FYS 384. Seeing the World through Mathematics.Is there a difference between "natural math" and "abstract math" or between "street math" and "school math"? What is mathematics, after all? Students consider some of the complex mathematical tasks that creatures carry out in their daily lives, often without even realizing they are "doing math." Such tasks include the ways in which desert ants and lobsters navigate their environments, honeybees dance to indicate food locations, and humans perform elaborate mental arithmetic. Students learn about some of the fascinating new areas of research by mathematicians in an effort to understand how we learn math. Seminar not offered Fall 2013. Enrollment limited to 15. [Q] [W1] P. Jayawant.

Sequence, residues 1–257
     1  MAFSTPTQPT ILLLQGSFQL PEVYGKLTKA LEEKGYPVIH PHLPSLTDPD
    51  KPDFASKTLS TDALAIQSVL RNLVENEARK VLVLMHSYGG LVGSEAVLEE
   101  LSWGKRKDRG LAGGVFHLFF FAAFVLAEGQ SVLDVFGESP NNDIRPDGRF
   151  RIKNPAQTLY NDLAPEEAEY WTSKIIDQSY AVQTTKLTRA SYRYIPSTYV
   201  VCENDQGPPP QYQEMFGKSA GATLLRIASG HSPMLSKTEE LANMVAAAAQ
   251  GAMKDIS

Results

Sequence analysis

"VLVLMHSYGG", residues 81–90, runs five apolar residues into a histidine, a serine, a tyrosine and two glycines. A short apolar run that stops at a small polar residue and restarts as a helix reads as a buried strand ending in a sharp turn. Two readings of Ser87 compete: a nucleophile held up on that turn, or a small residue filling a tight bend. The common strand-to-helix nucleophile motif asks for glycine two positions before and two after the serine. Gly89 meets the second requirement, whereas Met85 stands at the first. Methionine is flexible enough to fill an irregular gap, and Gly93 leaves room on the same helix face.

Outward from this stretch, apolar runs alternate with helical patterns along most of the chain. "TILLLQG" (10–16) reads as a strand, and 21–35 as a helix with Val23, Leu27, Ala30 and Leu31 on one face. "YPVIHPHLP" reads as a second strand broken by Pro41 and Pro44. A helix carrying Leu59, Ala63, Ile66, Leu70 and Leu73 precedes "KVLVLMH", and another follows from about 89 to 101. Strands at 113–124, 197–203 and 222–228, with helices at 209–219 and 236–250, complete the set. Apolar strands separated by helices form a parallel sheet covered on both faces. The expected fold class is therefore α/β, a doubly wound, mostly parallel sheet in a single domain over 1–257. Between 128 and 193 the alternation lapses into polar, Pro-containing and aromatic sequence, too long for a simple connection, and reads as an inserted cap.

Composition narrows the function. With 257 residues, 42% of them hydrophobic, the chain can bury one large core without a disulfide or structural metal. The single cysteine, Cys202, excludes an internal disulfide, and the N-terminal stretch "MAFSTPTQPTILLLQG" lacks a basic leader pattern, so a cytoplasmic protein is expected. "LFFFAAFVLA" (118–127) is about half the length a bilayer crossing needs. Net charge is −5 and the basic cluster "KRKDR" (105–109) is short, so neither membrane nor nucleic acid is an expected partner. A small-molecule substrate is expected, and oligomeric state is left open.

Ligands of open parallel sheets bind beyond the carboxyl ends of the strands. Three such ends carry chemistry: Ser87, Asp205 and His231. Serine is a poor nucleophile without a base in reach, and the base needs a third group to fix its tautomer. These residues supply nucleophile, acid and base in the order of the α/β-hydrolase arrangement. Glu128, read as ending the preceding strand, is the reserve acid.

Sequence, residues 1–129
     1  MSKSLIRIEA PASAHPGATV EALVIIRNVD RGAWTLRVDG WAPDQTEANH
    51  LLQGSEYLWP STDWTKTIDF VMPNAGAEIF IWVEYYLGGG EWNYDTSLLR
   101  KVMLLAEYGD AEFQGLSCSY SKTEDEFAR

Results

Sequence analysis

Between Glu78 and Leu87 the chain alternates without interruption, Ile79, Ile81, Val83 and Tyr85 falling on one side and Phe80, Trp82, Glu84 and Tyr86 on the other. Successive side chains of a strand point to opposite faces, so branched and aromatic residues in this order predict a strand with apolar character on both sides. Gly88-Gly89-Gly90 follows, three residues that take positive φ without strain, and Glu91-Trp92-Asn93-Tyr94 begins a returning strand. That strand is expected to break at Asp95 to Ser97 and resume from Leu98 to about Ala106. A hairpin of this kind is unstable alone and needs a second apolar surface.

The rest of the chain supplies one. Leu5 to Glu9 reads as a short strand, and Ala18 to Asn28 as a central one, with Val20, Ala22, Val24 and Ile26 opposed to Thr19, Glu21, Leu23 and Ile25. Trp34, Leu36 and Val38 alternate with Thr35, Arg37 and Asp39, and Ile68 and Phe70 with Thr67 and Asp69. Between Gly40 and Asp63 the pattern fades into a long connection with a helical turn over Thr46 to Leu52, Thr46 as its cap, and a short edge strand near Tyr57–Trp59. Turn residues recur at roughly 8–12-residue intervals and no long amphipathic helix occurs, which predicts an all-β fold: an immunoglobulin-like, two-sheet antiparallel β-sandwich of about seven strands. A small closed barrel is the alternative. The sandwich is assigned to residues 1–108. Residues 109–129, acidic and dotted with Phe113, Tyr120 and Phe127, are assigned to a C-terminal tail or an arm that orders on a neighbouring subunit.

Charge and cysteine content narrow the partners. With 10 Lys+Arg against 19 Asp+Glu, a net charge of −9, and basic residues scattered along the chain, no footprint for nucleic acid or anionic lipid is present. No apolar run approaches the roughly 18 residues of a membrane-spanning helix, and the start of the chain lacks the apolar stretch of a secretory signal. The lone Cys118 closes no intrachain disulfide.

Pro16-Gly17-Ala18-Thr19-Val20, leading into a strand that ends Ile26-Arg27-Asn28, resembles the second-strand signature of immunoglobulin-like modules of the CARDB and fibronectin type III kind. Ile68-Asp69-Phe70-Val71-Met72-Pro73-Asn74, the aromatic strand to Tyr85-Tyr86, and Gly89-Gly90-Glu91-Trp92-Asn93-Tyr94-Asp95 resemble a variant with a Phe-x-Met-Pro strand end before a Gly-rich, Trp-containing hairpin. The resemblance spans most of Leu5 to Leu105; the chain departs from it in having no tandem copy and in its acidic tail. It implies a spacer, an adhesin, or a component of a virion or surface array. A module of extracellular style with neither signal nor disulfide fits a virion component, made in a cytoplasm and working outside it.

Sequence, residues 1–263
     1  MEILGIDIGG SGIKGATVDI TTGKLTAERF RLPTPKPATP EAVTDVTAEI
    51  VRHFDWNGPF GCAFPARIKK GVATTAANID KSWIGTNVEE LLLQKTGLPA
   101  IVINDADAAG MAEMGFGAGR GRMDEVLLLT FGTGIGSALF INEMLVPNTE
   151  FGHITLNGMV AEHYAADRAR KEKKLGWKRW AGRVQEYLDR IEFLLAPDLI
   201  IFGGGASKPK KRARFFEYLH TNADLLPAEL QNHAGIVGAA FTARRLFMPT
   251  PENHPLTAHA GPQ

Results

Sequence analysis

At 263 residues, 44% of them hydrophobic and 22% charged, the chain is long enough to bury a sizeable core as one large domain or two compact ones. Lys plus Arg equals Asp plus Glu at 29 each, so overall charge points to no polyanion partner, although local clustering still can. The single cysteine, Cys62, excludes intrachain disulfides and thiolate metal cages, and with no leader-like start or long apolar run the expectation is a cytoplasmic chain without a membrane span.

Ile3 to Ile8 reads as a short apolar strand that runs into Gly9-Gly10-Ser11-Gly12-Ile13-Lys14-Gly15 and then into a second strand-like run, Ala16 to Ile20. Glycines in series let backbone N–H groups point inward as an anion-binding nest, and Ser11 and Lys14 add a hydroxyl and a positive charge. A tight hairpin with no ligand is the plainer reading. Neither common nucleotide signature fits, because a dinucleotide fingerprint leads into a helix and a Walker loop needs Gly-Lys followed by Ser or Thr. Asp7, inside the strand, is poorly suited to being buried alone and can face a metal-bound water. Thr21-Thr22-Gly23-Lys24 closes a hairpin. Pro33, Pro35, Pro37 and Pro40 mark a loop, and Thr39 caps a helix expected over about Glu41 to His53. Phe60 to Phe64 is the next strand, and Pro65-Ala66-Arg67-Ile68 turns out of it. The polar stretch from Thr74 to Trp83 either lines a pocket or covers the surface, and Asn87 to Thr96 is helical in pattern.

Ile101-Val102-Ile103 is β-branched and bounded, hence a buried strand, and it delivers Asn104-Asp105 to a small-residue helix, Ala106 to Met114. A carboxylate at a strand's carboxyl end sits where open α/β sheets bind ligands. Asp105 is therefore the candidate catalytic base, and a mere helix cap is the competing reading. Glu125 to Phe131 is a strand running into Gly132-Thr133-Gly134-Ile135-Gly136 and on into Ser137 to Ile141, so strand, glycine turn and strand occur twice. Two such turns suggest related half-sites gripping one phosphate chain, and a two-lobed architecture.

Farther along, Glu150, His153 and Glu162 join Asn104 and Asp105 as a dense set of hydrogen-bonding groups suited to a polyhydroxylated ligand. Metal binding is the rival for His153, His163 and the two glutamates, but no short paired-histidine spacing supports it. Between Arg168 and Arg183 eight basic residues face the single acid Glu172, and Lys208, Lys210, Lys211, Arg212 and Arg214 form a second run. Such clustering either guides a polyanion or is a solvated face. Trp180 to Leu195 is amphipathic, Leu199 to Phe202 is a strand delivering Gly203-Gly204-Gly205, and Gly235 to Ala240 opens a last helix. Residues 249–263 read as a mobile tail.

FYS 385. Power and Authority in Latin America through Film.From Pre-Columbian times to the present, Latin America's leaders have ruled in diverse ways. Monarchs, caudillos, sultans, totalitarian leaders, the military, a hegemonic party, and even drug lords have governed the region. How is it possible for an individual or small group of leaders to dominate an entire country without democratic consent? What mechanisms of political control do authoritarian leaders employ? How do they gain legitimacy? Students explore these questions through film, readings, writing assignments, and discussion. A final project explores the ways in which a political actor in students' local environment exercises power and authority over them. Seminar not offered Fall 2013. Enrollment limited to 15. [W1] C. Perez-Armendariz. Concentrations.